Every day, Wall Street analysts upgrade some stocks, downgrade others, and "initiate coverage" on a few more. But do these analysts even know what they're talking about? Today, we're taking one high-profile Wall Street pick and putting it under the microscope...
Insurer American International Group (AIG -1.47%) has a new CEO -- and Morgan Stanley loves him. That's the news this week in a nutshell, after AIG announced on Monday that it has convinced Brian Duperreault to resign his position as CEO of Hamilton Insurance Group and return to the AIG fold as CEO of the company he left in 1994.
No sooner had the news broke than investment banker Morgan Stanley declared Duperreault a "credible" CEO, and upgraded AIG stock to overweight, assigning a price target of $72 to the stock (which currently costs $62 -- making for a 16% potential profit). As related in a write-up on StreetInsider.com this morning, Morgan Stanley sees the potential for "sustainable and profitable growth initiatives" creating what the analyst calls a "compelling risk-reward" situation at AIG.
Here are three reasons why.
1. Introducing the new CEO
AIG's new CEO was big news on Wall Street, and The Wall Street Journal wasted no time digging into his life story to explain why Morgan Stanley (and others) might find Duperreault attractive as a CEO. First and foremost -- he's no newcomer to AIG, or to the insurance business.
Rather, as WSJ explains, Duperreault (age 70) spent 21 years working for AIG in a variety of roles before departing the company in 1994 to embark upon a career as a turnaround specialist for troubled insurers. In his time away from AIG, Duperreault:
- Transformed one-time ACE Ltd. (his first stop after leaving AIG) into a major force in the insurance world. In 1994, when Duperreault joined ACE, the company was doing barely half a billion dollars in annual business. But by 2016 (10 years after Duperreault had left the company, admittedly), ACE was so big that it was able to swallow AIG rival Chubb (NYSE: CB) (the combined companies now operate under Chubb's name). Today, that combined company does $14.1 billion in annual business.
- Spent five years as first CFO, and then CEO, of insurer Marsh & McLennan (MMC 0.09%). During that time period, data from S&P Global Market Intelligence show that Duperreault took Marsh & McLennan from $10.7 billion in annual revenue to $12.3 billion (14% growth), and turned the company from a $73 million money loser in 2008 into a firm earning $1.4 billion in annual profit by the time he left in 2013.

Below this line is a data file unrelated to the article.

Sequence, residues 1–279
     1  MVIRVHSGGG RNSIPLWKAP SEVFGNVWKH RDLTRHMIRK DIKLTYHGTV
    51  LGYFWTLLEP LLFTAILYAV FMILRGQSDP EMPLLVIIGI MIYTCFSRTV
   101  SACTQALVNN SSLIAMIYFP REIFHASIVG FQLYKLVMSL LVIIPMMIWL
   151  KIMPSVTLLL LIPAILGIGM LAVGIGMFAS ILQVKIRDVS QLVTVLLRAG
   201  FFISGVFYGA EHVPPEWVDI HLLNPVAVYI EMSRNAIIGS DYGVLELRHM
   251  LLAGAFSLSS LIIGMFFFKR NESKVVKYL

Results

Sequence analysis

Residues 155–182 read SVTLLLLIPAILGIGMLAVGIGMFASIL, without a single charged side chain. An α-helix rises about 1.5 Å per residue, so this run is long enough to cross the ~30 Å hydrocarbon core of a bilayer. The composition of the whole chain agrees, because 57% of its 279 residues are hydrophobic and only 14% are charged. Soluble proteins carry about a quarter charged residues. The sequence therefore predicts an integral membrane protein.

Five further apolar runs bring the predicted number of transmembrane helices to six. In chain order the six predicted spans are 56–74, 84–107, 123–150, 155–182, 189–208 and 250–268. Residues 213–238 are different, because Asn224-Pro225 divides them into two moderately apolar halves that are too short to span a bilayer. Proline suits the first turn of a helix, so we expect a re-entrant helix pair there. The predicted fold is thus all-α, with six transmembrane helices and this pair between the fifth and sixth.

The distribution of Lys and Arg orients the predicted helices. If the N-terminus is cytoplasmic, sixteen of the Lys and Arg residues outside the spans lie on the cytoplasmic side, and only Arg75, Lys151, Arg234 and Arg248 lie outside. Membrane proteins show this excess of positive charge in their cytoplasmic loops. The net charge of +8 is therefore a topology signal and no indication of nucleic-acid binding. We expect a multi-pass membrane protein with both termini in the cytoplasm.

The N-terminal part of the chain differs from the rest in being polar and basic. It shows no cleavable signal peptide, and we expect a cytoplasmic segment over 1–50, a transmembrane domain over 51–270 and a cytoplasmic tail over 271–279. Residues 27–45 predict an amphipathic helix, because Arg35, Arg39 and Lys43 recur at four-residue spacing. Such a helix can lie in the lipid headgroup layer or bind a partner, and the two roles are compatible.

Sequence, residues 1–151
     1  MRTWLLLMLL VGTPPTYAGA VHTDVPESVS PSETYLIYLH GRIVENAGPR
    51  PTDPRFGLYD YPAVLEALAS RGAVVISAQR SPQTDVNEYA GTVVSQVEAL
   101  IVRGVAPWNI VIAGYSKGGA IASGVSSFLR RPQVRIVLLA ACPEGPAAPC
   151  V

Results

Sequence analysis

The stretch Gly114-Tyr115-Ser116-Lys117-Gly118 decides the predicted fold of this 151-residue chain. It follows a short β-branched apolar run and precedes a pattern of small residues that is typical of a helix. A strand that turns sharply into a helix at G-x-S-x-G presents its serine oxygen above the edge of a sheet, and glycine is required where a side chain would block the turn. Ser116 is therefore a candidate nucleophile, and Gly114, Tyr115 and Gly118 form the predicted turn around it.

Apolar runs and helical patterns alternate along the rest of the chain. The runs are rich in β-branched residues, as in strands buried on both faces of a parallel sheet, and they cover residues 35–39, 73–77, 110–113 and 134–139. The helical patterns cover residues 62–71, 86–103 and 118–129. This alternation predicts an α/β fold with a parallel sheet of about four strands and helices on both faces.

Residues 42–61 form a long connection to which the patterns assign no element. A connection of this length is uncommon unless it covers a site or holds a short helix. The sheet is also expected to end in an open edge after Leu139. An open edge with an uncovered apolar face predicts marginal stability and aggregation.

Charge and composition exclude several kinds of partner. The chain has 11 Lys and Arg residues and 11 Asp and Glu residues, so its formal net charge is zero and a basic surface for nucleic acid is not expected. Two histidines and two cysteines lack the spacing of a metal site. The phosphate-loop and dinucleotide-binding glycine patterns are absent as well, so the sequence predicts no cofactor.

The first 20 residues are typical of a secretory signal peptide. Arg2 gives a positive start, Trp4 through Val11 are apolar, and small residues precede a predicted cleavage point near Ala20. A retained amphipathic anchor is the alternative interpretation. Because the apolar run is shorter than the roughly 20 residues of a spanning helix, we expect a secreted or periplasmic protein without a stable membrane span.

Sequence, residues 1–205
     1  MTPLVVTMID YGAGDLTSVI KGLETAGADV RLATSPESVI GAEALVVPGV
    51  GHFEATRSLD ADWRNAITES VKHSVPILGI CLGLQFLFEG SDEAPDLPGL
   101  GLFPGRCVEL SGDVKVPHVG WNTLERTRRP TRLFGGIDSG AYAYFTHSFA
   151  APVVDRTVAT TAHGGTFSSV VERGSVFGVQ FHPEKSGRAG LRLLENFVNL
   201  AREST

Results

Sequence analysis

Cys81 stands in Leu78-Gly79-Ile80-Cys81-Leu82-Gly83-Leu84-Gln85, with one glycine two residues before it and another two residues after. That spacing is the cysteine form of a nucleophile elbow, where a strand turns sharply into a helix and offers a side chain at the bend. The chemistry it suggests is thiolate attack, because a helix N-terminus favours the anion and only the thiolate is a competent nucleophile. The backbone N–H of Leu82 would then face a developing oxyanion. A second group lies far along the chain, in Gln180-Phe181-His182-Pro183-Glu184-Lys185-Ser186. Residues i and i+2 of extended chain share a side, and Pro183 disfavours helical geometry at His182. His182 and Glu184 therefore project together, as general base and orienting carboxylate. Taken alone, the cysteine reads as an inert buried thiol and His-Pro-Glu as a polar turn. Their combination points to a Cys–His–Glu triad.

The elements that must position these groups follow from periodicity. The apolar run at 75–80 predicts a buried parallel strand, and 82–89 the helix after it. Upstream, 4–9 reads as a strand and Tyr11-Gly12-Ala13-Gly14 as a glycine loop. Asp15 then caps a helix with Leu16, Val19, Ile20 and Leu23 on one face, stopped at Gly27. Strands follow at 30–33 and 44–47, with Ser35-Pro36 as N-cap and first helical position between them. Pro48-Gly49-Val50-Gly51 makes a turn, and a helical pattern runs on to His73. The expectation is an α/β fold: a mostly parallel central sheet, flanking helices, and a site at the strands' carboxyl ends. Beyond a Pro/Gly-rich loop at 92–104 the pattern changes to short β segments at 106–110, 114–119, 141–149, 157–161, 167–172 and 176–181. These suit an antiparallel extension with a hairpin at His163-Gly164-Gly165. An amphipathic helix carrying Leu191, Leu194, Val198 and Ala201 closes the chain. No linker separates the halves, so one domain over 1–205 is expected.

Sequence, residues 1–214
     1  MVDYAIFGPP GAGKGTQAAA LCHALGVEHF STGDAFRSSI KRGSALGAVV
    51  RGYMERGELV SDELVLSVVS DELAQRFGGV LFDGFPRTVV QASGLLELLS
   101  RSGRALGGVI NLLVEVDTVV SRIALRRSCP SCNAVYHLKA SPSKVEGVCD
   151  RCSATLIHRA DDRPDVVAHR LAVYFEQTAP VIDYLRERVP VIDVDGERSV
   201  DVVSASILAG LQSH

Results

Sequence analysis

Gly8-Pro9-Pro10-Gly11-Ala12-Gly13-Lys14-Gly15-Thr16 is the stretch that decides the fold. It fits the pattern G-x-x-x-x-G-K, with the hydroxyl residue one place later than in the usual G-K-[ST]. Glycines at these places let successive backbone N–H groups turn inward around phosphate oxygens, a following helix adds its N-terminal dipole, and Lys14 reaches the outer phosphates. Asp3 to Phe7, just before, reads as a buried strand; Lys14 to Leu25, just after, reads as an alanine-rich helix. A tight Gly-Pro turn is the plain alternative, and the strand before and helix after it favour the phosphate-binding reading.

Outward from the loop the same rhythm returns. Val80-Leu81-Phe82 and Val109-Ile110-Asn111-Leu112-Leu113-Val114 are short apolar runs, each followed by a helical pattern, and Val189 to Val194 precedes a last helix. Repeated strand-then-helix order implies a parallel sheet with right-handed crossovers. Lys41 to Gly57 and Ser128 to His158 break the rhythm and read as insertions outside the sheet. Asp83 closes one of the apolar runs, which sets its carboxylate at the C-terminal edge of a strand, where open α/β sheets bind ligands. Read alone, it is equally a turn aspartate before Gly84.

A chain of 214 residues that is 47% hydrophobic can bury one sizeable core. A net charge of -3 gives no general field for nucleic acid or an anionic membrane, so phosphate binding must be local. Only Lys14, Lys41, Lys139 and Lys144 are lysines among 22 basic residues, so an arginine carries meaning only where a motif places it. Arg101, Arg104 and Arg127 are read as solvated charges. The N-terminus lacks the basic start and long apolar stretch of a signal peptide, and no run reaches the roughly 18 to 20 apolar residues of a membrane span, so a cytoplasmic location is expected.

- Ultimately, Duperreault ended up founding his own insurance company, Bermuda-based Hamilton Insurance Group Ltd, in 2013. It's from there that he's moving back to take the helm at AIG.
2. Icahn signs off
Duperreault arguably owes his new job to pressure put on AIG by activist investor Carl Icahn, who has been agitating for new management to join the company and move to split it up and sell the parts to unlock value for shareholders. And yet, Duperreault is showing an independent streak from day one. Immediately upon being named CEO, Duperreault declared he "didn't come here to break the company up," but rather "to grow it."
Despite this statement, Icahn has expressed his faith that Duperreault is the right man for the CEO's job, tweeting: "Very pleased the $AIG board is finally making some of the much-needed changes we've been advocating the last 18 months."
3. Winning endorsement from a legend
At the same time, Duperreault won a big vote of support from his one-time boss, legendary AIG ex-CEO Hank Greenberg. Upon hearing of the hire, Greenberg averred that Duperreault's 21-year history at AIG, prior to his exploits outside the company, provided "a great foundation" of experience, and declared his confidence that Duperreault has the experience necessary "to make changes to improve [AIG's] results."
The most important thing: Is the price right?
Icahn, Greenberg, Morgan Stanley -- a lot of people have expressed a lot of faith in Duperreault's ability to right the ship at AIG. But will they be proven right? I have to say that it only takes one look at AIG's financials to see that while Duperreault has a heap of work to get done, there could be considerable upside if he succeeds.
Down 7% since the year began, AIG stock is coming off a money-losing year that saw GAAP profits plunge from $2.2 billion in 2015 to negative $849 million in 2016. Operating cash flow at the company was negative $7 billion last year, as a policy of selling insurance policies at too-cheap premiums came home to roost and saddled the company with losses.
And yet, as recently as 2013, AIG was a company earning $9 billion a year. If Duperreault can get profits like those rolling in again, then at today's market capitalization of $57.2 billion, AIG stock would be selling for a P/E ratio of only 6.4 -- instead of the 110-times-earnings valuation that AIG stock sports based on trailing-12-month results.
That prospect alone could be a great reason to follow Morgan Stanley's lead, believe the endorsements from Duperreault's colleagues, and buy AIG stock.